It’s the question on most Indian car buyers’ minds: Hyundai Creta or Tata Harrier? There are other SUVs, of course, but we chose the best selling one as the benchmark with which the Harrier needs to compete. The Creta sells way more than any other 5-seater above-4m SUV and the Harrier is the newest launch, one with a hype matching that around an about-to-be-released Salman Khan film.
So, naturally, a fair fight is in order.
You do not need a measuring tape to figure out that the Harrier is the bigger SUV of the two. There is no beating around the bush, the Harrier is the best looking SUV you can buy below Rs 25 lakh. Looks are the biggest USP of the Harrier. It is not over styled but a modern-day interpretation of a tough and rugged SUV. Bits like the DRLs connected to the grille, the fancy headlamps, the floating roof, the beautiful tail-lamps all make this one a stunning vehicle visually. However the 17-inch wheels look pathetically small. The Harrier needs bigger shoes.
The Creta is smaller and being successful means it is a common sight on the roads. A recent facelift, however, has made it better looking. The bigger grille and the nice 17-inch alloys make it a handsome SUV. Still, the Tata takes the looks department. It is to be noted that both cars feel solid in their build quality.
Here the Harrier feels suitably plush and the Land Rover influences are unmistakable. I like the brown leather and overall materials like the wood finish which does not look tacky or even the overall design. The fit and finish is a new high and it’s amongst the best looking cabins in a car priced under Rs 25 lakh. The instrument cluster with the 7-inch TFT display is again nice while the floating touchscreen (8.8 inches) looks good and is biggest amongst SUVs in this price range.
So far so good. However there are a few places where it could have been better ergonomically (things such as the placement of the USB port – you can’t see as it’s hidden away – and the fiddly aircraft style handbrake and lack of multiple charging sockets.) That said this is by far the best Tata cabin yet.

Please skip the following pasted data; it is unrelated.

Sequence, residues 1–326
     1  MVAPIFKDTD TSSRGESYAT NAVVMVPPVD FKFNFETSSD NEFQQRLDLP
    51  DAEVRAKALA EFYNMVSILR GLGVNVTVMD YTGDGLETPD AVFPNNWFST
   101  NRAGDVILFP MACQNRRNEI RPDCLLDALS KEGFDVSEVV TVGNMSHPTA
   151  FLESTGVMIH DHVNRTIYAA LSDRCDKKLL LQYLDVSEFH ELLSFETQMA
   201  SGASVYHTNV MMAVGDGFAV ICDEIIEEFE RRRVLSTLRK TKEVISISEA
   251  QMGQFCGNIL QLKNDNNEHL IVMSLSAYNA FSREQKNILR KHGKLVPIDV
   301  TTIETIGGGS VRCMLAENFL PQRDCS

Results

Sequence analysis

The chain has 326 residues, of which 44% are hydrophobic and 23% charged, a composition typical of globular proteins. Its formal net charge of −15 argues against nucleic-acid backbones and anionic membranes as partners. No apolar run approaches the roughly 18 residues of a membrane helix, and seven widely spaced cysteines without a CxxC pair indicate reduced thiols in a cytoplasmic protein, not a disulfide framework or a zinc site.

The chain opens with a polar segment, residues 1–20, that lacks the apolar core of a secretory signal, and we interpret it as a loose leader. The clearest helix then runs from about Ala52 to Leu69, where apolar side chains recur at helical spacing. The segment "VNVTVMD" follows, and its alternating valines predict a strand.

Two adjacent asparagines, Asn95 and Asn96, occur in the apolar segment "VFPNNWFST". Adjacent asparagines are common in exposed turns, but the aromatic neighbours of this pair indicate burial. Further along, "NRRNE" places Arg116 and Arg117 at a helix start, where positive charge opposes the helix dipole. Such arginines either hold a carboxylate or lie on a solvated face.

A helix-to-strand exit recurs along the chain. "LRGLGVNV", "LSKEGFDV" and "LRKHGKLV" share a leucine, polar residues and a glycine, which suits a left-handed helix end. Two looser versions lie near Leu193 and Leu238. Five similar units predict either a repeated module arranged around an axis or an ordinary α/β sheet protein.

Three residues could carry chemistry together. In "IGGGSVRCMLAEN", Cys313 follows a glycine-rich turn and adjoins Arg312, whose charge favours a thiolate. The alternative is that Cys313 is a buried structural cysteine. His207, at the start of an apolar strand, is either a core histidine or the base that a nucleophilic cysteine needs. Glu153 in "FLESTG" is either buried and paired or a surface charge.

The Creta is more serious and has a more conservative look. It is functional and does the job- comes without the pomp of the Harrier with a straightforward design, but it works. The Harrier’s cabin feels more spacious and airy while the Creta’s, due to the small and higher placed rear windows, feels a bit cramped. Both will seat 4-5 in comfort but the Harrier feels bigger inside. and also has the bigger boot.
Both cover the basics with climate control, cruise control, touchscreen, rear ac vents, 6 airbags, leather, 17 inch alloys etc. There are differences though. The Harrier has multi drive modes and also cool Land Rover-style terrain response modes, plus a superb 9-speaker JBL audio system along with logo projection, which is really cool.
Hyundai Creta touchscreenThe Creta hits back with features such as inbuilt navigation, sunroof, wireless charging, powered driver seat – stuff that is missing in the Harrier. The Creta has a more consistent quality and the touchscreen is slightly more responsive (better rear camera display quality too) while things like placement of the USB port/practicality is looked at than just the design.